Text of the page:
Understanding Integrative Medicine

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What is Integrative Medicine?

I believe our health care system needs to be more patient- centered and engage patients in their own care. American medicine excels at crisis intervention with innovative drugs and surgical procedures. Yet chronic illness comprises the majority of problems that most physicians see in their office. Chronic health problems are adversely affected by poor diet, lack of exercise, obesity, smoking and excess alcohol. Another factor affecting chronic disease management is that insurance companies typically do not reimburse for measures to prevent disease. They instead wait until a serious disease has occurred that generally is much more costly to treat.

In a commentary published in the Journal of the American Medical Association 2004, Dr. Halsted Holman from Stanford Medical School addressed the fact that medical schools have not adequately prepared new physicians for managing chronic illness and acknowledged that changes need to be made in the curriculum to deal with this important health issue. Patients with chronic illness who lack understanding of their disease are less likely to comply with the lifestyle changes necessary to enhance the physician’s therapy.

Integrative medicine is a more inclusive approach to managing chronic illness. Several exemplary medical schools like UCLA, Harvard, Stanford and UC San Francisco (UCSF) have established centers for integrative medicine. There are currently 40 integrative medicine fellowship programs at medical schools in the United States.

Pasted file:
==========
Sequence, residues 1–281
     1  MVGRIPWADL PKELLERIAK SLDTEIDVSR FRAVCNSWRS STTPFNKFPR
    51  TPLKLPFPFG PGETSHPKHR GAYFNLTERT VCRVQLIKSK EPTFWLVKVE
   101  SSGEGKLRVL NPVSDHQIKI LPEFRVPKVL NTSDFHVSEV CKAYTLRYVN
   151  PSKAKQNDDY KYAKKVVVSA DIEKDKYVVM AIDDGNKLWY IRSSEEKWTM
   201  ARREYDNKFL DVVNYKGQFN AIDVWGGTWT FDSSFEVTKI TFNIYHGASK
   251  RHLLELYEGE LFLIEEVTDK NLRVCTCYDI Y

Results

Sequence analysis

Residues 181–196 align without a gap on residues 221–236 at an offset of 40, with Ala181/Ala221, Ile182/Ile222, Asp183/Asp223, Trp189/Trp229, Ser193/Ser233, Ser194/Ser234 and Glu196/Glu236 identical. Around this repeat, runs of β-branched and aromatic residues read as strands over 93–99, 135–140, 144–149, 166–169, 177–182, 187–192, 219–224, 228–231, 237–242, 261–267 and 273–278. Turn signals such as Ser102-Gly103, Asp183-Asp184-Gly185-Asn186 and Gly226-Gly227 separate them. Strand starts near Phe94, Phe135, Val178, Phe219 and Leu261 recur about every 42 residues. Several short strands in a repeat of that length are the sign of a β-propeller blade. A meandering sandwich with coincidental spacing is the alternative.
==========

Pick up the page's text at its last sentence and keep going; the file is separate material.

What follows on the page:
UCSF was the first integrative medicine center established in 1996 and defines integrative medicine in the following way:

“Integrative medicine is a new term that emphasizes the combination of both conventional and alternative approaches to address the biological, psychological, social and spiritual aspects of health and illness. It emphasizes respect for the human capacity for healing, the importance of the relationship between the physician and the patient, a collaborative approach to patient care among practitioners, and the practice of convention- al, complementary and alternative health care that is evidence- based.”

Functional medicine is the next evolution of integrative medicine that incorporates all the conventional and alternative evidence-based options within an informational framework that enables you to detect the intrinsic mechanisms that may be driving the problem. The model is based on a systems biology perspective in which the interconnectedness of all the body systems is taken into consideration. All of our body organs and systems talk to each other and dysfunction in one system can result in disease in other parts of the body. It’s not exclusive or inclusive of any particular treatment modality or test, so surgery could be functional medicine. Recognizing and treating the underlying cause of symptoms enables the physician to engage the body’s capacity for self-healing.

Excerpt from “Outliving Your Ovaries” © 2012 by Marina Johnson MD.

Dr. Johnson has no financial conflicts of interest or ties to any pharmaceutical company.

Her only objective is determining the most effective, safest therapy for patients.


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